For all the businesses lining West 19th Street in the Heights, the return of White Linen Night means they will have a chance to make up for thousands of dollars lost in revenue the last two years during the COVID-19 pandemic.
And though it is not going to be exactly the same, the event – which is typically hosted on the first Saturday of August each year – is still a welcome sight to business owners along the Heights’ main street as they continue to seek additional revenue in a post COVID-19 world.
“I’m looking forward to it this year,” said Chrissie Ramirez, owner of Casa Ramirez FOLKArt at 241 W. 19th St. “I think it should be a good turnout…it’s going to be a nice boon to everybody here. It’s a great opportunity for brand new businesses as well as existing businesses like us.”
The event will not have barricades on 19th Street between Ashland and Yale streets as per usual, according to event organizer Sara Jackson, though multiple area businesses will host White Linen-themed events.
But several business owners said it is still a boon to have the night back in any form. It was created in 2006 as an effort to bring attention to small and independently-owned businesses, and drew more than 50,000 attendees during the last in-person event three years ago.
“August is a slow month for retailers and this gives people a reason to come out and shop,” said Kristal Kirksey, owner of Jubilee in the Heights at 345 W. 19th St. “White Linen has really put the Heights on the map and we always get new customers who have never been to 19th Street. Even if they don’t shop that night, they remember us and come back.”
It has been particularly slow the last two years, business owners said, with no in-person events having been held along 19th Street since 2019 because of the pandemic – though some still held individual events last year.
For We Olive & Wine Bar situated at 249 W. 19th St., owner Luis Rabo said WLN brings in three times the revenue and usually stands as one of the wine bar’s top five revenue days of the year while bringing in new customers who he said didn’t know the wine bar was there until visiting during White Linen Night. That, he said, was the most detrimental effect to We Olive over the last two years.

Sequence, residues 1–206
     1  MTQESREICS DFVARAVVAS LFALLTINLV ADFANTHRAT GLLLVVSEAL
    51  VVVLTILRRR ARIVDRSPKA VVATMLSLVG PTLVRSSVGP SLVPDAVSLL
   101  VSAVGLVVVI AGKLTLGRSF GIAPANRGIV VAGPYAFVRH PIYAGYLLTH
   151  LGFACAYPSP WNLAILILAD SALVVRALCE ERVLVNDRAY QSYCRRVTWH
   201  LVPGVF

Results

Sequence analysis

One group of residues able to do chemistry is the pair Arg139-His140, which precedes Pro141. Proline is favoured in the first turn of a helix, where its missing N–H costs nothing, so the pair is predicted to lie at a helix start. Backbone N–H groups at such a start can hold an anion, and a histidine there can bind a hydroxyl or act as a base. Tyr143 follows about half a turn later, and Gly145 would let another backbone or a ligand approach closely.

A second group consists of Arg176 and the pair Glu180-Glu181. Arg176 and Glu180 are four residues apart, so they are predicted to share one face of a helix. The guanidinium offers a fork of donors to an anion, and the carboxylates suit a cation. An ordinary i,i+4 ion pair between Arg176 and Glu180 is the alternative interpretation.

“We obviously didn't get that incremental revenue bump that a typical WLN would give us,” he said. ”However, most importantly, our business didn't get the folks that would come back to visit us after WLN. …We're looking forward to introducing ourselves to a bunch of new clientele that may have never visited us before.”
Harold’s Tap Room and Restaurant, 350 W. 19th St., was also down 280 percent in sales revenue on the night White Linen Night would typically occur in 2021 compared to the $25,000 it brought in during the last in-person event in 2019, according to owner Alli Jarrett. The restaurant will have a musical performance by the Zydeco Dots and face painting, among other festivities, during White Linen Night in efforts to help bring in customers and recoup revenue that has been lost over the last several years.
“We’re hopeful that we’ll be able to have a solid revenue night (on Aug. 6),” Jarrett said. “We need it with everything going on.”
Kirksey said Jubilee typically doubles or triples their sales on White Linen Night compared to typical Saturdays, and sees hundreds of customers come into the store during the course of the event. Ramirez also said that even if a person was not attending WLN, they would frequent 19th Street businesses for themed clothing or catering.
“Losing White Linen Night the past few years has hurt, we lost sales that night and also white clothing and house party decor and party supplies leading up to the event,” Kirksey said. “The pandemic obviously drastically hurt in person businesses like Jubilee, but thanks to our wonderful Heights neighbors, we made it through.”
Those neighbors, Rabo said, are the key to Heights-area businesses continuing to recover from the financial losses incurred during the last two years without the event.
And the event, business owners said, will remind neighbors and visitors alike that small businesses like those on 19th Street are part of what makes this part of the city unique and different.
“If a visitor to WLN could buy just one thing from a choice of dozens of local shop owners on 19th Street, it would help so much with our recovery,” Rabo said.